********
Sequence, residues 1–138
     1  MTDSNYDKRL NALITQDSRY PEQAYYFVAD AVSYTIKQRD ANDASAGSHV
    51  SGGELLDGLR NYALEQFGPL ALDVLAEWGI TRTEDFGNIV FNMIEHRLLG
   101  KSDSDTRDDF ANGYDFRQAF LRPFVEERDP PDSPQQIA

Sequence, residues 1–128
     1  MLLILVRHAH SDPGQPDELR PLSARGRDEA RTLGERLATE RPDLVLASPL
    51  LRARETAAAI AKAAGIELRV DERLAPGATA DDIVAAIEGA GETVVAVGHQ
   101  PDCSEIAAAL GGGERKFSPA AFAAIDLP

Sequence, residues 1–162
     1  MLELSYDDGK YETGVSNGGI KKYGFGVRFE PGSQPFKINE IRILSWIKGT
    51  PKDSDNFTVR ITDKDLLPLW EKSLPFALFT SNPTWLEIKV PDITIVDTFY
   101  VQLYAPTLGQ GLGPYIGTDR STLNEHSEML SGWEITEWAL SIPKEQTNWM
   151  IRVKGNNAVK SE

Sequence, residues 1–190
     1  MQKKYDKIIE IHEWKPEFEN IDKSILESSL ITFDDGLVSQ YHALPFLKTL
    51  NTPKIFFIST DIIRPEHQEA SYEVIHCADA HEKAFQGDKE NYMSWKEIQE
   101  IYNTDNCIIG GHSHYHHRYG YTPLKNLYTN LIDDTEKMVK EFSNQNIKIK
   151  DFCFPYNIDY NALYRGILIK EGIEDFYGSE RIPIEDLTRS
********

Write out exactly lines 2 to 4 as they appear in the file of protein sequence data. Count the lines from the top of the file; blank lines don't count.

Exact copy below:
     1  MTDSNYDKRL NALITQDSRY PEQAYYFVAD AVSYTIKQRD ANDASAGSHV
    51  SGGELLDGLR NYALEQFGPL ALDVLAEWGI TRTEDFGNIV FNMIEHRLLG
   101  KSDSDTRDDF ANGYDFRQAF LRPFVEERDP PDSPQQIA